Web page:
Warning message

Please note that this page is from our archives. There may be more up-to-date content about this topic on our website. Use our search engine to find out.

Brussels, 2 March 2007 (ITUC OnLine): Pregnancy tests as a precondition
for employment, dismissal of pregnant women, inadequacy and
non-application of the right to paid maternity leave, women in atypical
sectors deprived of maternity rights, insufficient health care for
mothers and young children… the reproductive function of working women
remains a flagrant source of inequality and gender discrimination. In
the run up to International Women’s Day, on 8 March, the ITUC calls on
governments, employers and trade union organisations to make maternity
protection an action priority.

Although the legislation in many countries guarantees health care,
employment protection and paid maternity leave, the gap between the law
and rights in practice is often huge. Women in atypical work, such as
informal economy activities, agriculture, home-based work, domestic work
or even part-time employment are the most vulnerable, being all too
often excluded from any form of social or employment protection.

Only a small minority of countries (13) has ratified ILO Convention 183
on maternity protection, adopted six years ago. The ITUC is therefore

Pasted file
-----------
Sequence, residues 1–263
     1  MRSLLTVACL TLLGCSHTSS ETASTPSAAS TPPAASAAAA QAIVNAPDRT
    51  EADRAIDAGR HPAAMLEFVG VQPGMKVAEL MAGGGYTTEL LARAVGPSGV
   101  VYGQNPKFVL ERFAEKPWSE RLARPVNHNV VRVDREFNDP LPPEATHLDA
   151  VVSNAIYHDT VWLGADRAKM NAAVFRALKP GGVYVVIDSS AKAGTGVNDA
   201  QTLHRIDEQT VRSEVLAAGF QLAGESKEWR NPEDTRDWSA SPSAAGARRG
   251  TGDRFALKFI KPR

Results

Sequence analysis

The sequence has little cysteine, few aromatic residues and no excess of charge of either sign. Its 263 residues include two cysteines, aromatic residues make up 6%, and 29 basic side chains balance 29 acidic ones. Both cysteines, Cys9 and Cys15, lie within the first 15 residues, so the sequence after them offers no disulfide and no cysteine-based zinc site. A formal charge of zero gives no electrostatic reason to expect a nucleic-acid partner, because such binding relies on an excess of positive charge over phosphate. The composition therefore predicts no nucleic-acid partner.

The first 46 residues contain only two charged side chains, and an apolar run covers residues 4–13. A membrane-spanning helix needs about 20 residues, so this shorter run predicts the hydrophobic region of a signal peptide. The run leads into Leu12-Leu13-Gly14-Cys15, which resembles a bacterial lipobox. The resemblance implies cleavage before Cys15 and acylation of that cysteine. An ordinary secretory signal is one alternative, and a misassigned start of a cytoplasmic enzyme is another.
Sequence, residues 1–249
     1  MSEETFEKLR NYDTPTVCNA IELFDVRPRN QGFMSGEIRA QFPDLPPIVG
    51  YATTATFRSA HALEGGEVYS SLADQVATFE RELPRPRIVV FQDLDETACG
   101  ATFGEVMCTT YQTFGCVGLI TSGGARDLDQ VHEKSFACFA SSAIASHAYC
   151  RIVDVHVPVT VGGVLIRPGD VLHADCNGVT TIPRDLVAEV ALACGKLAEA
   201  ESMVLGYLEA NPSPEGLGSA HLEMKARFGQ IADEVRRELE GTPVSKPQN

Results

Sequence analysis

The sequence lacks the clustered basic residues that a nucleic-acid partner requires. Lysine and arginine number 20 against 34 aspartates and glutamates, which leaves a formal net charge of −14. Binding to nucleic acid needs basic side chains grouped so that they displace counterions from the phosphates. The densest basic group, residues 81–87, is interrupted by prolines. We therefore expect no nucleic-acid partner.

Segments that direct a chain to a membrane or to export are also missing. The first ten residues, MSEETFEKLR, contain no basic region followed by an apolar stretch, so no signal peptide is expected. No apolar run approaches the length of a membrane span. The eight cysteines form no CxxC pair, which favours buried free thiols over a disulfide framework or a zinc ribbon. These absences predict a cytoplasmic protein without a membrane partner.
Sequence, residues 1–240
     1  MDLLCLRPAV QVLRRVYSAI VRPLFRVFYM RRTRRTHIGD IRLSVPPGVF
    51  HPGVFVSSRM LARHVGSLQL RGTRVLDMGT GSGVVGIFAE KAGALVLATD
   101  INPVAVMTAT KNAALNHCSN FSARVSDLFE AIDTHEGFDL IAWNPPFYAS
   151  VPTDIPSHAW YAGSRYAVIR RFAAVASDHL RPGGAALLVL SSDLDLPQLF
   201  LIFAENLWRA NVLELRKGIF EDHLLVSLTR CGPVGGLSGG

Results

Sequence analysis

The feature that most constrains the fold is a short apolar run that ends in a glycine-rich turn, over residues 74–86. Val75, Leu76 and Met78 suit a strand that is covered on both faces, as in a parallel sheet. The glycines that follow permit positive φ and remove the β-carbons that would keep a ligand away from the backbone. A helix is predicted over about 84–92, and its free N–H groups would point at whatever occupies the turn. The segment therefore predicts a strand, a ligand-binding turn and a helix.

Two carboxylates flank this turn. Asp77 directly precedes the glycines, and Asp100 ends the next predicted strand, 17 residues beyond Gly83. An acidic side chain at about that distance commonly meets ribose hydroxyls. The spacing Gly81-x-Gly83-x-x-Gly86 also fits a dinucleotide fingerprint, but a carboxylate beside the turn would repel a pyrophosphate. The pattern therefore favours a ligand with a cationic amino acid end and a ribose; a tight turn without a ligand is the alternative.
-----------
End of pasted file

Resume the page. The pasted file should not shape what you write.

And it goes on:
calling on the governments and all those concerned to take every step
towards the ratification and implementation of this Convention, together
with accompanying Recommendation 191, the provisions of which include 18
weeks paid maternity leave. The ITUC insists on the need to ensure that
the law protects all women, including those working in atypical sectors,
whose numbers are ever increasing with the deregulation of labour
markets throughout the world.

“The fundamental challenge is not only to meet the individual needs of
mothers but to recognise the value of the essential social function they
assume for the benefit of society as a whole. Maternity is too often
perceived as an obstacle to productivity and the accumulation of profit.
And yet recognition should be given to the considerable contribution
made by women, through their reproductive function, to the renewal of
populations and thus the labour force,” says Guy Ryder, ITUC general

The ITUC calls on governments, employers and unions to work toward
valuing the fundamental social role assumed by women and to take
measures to promote the involvement of both parents in bringing up and
taking care of their children.

In the run up to International Women’s Day, on 8 March, the ITUC is
releasing a new video portrait on maternity protection in the informal
economy. You can view the video portrait of Salissa, a new mother and
market gardener from the outskirts of Ouagadougou, at:

In addition to this new video, the ITUC has also published a 12-page
special report on organising the informal economy in Burkina Faso, which
you can read here.

Founded on 1 November 2006, the ITUC represents 168 million workers in
153 countries and territories and has 304 national affiliates.

For more information, please contact the ITUC Press Department on +32 2
224 0204 or ++32 476 621 018.